Former Virginia Sen. John Warner Honored For Conservation Leadership

The National Wildlife Federation has honored former Sen. John Warner of Virginia with the National Conservation Achievement Award for his extraordinary environmental leadership in the political and nonprofit sectors, naming him "Conservationist of the Year" at its annual awards banquet.
A leader and fighter for the public interest for the better part of a half century of his public and professional life, Warner continues as a vocal champion of global climate action and a trailblazer for new initiatives to increase America's energy independence. Since leaving the Senate early this year, Warner has worked with the Pew Environment Group to bring together state and municipal governments, the Administration, and military, security and climate experts to explore new strategies to address global climate change, strengthen our national security, increase our energy independence, and preserve our nation's natural resources.
"Senator Warner was and is a statesman and a true leader on the issues facing our planet now and in the years ahead," said National Wildlife Federation President and CEO Larry Schweiger. "He was always ahead of the curve during his five terms as a U.S. Senator, and he still leads the fight today. Each advancement in the effort to curb global warming owes something to his leadership and vision."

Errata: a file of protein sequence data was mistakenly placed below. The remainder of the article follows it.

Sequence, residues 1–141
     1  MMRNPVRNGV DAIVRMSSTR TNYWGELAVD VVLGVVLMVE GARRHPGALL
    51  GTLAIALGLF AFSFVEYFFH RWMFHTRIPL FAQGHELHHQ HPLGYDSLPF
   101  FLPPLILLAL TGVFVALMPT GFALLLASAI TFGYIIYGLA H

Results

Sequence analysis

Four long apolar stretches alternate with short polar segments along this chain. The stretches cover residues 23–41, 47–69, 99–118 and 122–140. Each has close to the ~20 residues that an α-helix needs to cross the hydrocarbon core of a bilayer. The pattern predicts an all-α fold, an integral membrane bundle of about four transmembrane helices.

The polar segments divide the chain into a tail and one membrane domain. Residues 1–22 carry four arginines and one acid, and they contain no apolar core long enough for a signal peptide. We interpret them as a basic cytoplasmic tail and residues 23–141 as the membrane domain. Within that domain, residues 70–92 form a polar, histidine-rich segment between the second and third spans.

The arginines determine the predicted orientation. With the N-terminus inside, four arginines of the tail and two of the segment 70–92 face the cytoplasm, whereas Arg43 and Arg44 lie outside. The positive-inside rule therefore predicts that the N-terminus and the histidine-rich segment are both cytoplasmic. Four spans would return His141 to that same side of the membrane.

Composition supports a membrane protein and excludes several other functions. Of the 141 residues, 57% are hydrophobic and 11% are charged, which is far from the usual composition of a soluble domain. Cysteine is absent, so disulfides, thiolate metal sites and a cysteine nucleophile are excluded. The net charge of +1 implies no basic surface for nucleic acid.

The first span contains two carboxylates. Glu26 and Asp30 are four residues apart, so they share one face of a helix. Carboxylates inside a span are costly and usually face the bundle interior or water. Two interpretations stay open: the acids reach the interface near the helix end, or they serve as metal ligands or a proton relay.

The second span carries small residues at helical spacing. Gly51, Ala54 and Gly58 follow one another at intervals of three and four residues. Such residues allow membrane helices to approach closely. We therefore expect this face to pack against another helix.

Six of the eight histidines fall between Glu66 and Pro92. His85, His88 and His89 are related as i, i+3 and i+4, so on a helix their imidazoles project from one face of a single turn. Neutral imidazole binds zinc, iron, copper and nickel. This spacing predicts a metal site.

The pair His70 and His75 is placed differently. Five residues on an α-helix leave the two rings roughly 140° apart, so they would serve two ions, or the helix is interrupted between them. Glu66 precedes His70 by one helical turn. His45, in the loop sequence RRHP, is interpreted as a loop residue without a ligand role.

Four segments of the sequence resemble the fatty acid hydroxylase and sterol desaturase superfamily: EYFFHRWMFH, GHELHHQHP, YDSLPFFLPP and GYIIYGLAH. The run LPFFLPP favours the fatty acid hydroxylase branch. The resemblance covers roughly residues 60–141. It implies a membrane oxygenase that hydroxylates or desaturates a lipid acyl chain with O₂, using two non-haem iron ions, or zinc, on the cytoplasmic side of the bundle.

As Conservationist of the Year, Senator Warner joins the ranks of previous winners Vice President Al Gore, Lady Bird Johnson, and President Jimmy Carter.
Warner was elected to the U.S. Senate in 1978, and served in the U.S. Senate until January 2009. He holds the distinction of being the second-longest serving U.S. Senator and the longest serving Republican Senator in the state's history.
Throughout his senate career, Warner supported many legislative initiatives to enhance and preserve the outdoors for future generations. Arguably one of the most revered and respected Republicans to ever serve in Congress, Senator Warner has channeled his passion for the outdoors into a public career spent steering the earth toward a cleaner, more stable future.

Published: November 19, 2009